Definition of Maori in English:

Maori

Syllabification: Ma·o·ri
Pronunciation: /ˈmourē
 
/

noun (plural same or Maoris)

1A member of the aboriginal people of New Zealand.
More example sentences
  • Analysing the examples of the Maoris in New Zealand, the Aborigenese in Australia and the Quebecois in Canada he clarifies the special case of ethnocultural nationalism of the Indians.
  • Aborigines, Maoris and even Mexicans think he is a fighter for economic justice in the Third World.
  • The Maoris of New Zealand and the Khoikhoi and the Africans of South Africa had, however, featured prominently in the concerns of British humanitarians.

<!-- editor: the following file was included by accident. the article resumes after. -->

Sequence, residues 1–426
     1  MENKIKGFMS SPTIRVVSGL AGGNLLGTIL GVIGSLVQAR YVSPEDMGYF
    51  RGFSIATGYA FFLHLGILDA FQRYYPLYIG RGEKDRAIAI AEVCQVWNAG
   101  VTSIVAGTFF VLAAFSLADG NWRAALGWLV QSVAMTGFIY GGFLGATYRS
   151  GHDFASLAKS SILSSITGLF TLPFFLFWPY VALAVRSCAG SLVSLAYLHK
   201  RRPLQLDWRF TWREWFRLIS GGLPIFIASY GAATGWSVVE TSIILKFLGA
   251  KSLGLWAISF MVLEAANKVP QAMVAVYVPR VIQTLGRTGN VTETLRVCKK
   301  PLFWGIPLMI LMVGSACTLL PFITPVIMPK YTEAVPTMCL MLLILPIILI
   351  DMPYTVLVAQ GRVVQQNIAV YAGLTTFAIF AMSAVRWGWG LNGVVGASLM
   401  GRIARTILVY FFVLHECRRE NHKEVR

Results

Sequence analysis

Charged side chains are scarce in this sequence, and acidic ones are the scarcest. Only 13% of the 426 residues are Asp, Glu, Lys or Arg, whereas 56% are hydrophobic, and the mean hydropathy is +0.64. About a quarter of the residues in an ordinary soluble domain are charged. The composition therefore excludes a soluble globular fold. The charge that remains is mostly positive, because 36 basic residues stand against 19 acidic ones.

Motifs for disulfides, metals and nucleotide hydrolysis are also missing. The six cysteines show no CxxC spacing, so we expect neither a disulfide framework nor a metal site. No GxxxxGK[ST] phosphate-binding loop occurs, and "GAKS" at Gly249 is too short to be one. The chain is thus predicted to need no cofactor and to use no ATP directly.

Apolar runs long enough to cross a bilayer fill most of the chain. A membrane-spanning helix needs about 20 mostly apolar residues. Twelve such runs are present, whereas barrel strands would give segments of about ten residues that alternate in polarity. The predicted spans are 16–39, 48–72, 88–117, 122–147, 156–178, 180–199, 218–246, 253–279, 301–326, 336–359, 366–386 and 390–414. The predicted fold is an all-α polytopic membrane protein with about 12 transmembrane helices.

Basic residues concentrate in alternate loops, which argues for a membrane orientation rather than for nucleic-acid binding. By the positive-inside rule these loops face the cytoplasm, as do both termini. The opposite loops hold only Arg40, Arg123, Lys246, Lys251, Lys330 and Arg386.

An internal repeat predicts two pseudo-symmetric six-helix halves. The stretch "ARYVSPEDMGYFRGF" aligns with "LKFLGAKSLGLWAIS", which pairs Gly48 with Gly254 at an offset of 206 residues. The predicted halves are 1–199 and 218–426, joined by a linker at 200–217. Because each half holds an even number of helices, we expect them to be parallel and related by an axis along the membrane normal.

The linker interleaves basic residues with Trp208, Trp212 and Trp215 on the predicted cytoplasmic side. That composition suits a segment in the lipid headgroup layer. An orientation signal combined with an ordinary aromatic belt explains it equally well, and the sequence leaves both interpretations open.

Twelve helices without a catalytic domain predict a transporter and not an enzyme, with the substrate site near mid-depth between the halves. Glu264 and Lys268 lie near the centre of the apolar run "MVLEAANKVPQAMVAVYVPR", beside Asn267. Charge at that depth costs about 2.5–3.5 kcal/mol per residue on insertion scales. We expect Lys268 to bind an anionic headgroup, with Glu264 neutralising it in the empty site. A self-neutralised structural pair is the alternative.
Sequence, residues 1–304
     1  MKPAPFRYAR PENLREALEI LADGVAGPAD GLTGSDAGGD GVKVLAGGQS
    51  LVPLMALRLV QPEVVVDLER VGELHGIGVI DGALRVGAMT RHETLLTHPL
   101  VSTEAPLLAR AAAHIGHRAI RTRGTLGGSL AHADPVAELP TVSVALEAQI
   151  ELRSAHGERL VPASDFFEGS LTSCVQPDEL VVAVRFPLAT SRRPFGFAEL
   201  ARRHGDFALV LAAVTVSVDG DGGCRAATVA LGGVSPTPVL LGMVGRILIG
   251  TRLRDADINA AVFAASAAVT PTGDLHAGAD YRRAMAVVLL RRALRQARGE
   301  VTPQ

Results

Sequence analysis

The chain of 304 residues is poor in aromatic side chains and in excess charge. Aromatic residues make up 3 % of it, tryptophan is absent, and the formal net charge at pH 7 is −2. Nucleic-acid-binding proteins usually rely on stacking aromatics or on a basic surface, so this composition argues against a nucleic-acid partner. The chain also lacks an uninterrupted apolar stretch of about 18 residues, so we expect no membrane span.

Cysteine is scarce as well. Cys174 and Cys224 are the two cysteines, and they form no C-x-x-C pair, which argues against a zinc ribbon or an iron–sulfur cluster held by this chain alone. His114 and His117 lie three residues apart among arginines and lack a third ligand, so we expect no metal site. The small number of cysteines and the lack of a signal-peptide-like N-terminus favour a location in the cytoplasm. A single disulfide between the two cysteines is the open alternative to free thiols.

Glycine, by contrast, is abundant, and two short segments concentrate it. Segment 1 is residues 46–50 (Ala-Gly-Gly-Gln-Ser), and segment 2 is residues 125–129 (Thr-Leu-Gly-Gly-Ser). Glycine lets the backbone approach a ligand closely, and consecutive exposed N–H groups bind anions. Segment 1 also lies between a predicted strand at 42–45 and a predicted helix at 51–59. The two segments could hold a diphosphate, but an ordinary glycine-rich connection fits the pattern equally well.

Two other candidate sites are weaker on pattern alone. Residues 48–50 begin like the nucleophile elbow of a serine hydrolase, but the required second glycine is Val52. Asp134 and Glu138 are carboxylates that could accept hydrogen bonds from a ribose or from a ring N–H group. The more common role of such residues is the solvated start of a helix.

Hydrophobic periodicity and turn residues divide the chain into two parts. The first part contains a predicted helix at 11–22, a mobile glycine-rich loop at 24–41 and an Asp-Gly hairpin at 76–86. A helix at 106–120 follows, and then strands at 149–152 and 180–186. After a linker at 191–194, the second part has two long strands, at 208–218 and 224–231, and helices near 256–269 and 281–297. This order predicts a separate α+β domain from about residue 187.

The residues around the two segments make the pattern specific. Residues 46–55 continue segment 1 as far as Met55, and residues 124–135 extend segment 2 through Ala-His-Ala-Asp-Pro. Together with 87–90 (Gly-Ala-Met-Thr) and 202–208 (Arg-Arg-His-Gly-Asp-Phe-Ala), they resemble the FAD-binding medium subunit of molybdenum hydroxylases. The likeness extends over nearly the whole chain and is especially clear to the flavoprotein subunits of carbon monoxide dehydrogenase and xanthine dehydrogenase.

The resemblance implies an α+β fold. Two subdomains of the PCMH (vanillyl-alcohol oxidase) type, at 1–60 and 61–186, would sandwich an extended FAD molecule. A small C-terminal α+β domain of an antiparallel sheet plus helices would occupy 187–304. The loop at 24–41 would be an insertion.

2The Polynesian language of the Maori.
More example sentences
  • I did not grow up using Maori language or really understanding tikanga Maori.
  • He spoke fluent Maori and often lapsed into the language in his writing.
  • Especially with languages as different in their origins as English and Maori, this is not possible.

adjective

Back to top  
Relating to the Maori or their language.
More example sentences
  • We are not talking here just about Maori land, language, culture, and things like that.
  • It was emphasised that the programme was not an introduction to Maori culture and language.
  • Many of the Maori tribes had made it clear that they would not support any Maori party that was exclusive or separatist.

Origin

the name in Maori.

Definition of Maori in:

Get more from Oxford Dictionaries

Subscribe to remove ads and access premium resources

Word of the day flagitious
Pronunciation: fləˈjiSHəs
adjective
(of a person or their actions) criminal; villainous